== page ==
David Haye's trainer Adam Booth says Wladimir Klitschko will find it impossible to predict his charge's strategy when they meet on 2 July.
Britain's WBA heavyweight champion Haye faces Ukraine's IBF and WBO title-holder Klitschko in a blockbuster unification showdown in Hamburg.
"The lust David has for this strategy is exciting," Booth told BBC Sport.
"The bigger the challenge, the more lust David has for it. I'm astounded once again at how up for it David is."
While Booth refused to reveal any details of the new strategy, he said it would be like nothing the Klitschko camp had seen before.
Haye, 30, was criticised in some quarters for his cautious, back-foot approach when he beat Nikolay Valuev for the WBA belt in 2009 - but Booth said his man would be different this time.
Booth said: "They can attempt to predict the two or three styles they may see in David Haye - the way he fights in spurts, has a lot of reset time.
"But I guarantee they cannot predict what David is going to do on 2 July. We know it [the strategy], and we know he can do it. This is his moment now."
Nevertheless, Booth, who has been in Haye's corner for all 27 of his fights since he turned professional in 2002, conceded Klitschko would be "the most dangerous opponent by a country mile".
Klitschko, 35, has won 55 of his 58 pro fights, with a remarkable 49 knockouts, and has not lost since 2004.
"David's never boxed or sparred with anyone as dangerous as Wladimir Klitschko, it will have to be the performance of David's life," said Booth.
"But it's the same the other way round as well - Wladimir Klitschko has not boxed anyone as dangerous as David will be.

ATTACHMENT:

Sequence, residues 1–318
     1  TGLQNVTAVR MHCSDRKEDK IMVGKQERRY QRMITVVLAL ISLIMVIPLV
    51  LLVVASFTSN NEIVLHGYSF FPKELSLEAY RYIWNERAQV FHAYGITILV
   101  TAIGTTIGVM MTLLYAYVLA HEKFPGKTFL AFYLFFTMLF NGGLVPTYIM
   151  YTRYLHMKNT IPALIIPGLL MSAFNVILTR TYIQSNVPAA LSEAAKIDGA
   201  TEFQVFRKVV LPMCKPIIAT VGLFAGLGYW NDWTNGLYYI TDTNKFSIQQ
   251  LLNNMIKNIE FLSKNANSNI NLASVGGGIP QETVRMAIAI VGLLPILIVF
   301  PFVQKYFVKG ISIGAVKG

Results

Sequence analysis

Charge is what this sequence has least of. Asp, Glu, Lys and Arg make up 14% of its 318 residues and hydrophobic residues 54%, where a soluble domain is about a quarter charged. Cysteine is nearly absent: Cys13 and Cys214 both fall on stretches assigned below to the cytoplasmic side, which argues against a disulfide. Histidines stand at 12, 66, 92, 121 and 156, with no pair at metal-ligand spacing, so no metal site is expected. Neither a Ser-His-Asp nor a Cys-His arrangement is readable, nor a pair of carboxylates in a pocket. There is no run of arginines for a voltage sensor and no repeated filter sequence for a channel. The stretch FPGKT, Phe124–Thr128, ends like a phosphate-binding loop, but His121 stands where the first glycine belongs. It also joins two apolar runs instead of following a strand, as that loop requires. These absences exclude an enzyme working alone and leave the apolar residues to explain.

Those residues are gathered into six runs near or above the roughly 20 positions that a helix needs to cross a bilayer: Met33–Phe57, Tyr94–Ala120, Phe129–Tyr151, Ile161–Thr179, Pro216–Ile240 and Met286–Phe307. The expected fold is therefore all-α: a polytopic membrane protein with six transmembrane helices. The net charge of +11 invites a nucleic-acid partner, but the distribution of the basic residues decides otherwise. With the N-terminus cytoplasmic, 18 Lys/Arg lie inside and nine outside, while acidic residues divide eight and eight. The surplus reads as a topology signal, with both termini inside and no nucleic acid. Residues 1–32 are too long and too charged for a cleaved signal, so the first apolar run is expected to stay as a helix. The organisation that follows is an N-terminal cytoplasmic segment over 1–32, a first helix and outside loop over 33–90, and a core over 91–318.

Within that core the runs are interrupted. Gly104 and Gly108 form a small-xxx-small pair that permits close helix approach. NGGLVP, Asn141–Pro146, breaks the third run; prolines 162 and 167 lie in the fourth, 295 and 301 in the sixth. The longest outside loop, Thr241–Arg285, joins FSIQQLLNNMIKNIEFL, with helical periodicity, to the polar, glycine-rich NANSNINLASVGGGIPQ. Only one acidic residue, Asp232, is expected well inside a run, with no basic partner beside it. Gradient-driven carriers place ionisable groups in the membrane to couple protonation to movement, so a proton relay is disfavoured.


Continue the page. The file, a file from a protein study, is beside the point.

"I'm going to get scans on my shoulders after the fight - Wladimir's chin and my shoulders are going to bear testament to how David's punching, he's punching murderously. He can't hide it, the desire that he's got."
Meanwhile, Haye said his rival's recent charm offensive - Klitschko impressed many with his refinement during a visit to the United Kingdom last month - would count for nothing once the first bell tolls.
"I've noticed he's been making a big effort with the charm," Haye told BBC Sport, "going beyond the call of duty trying to be everyone's friend.
"But none of that will help him. It won't matter how intelligent he is, the 18 languages won't help him either. Who cares about all of that? The best fighter wins.
"He's been knocked down in the past, but whether or not he's chinny I'll find out. If he is, he'll come unstuck pretty soon.
"I guarantee that I will land on his chin at some stage of the fight and he won't know what happened to him.
"I'll look to stick one on him as early as possible, let him know the power's there. He's going to get punished and hurt."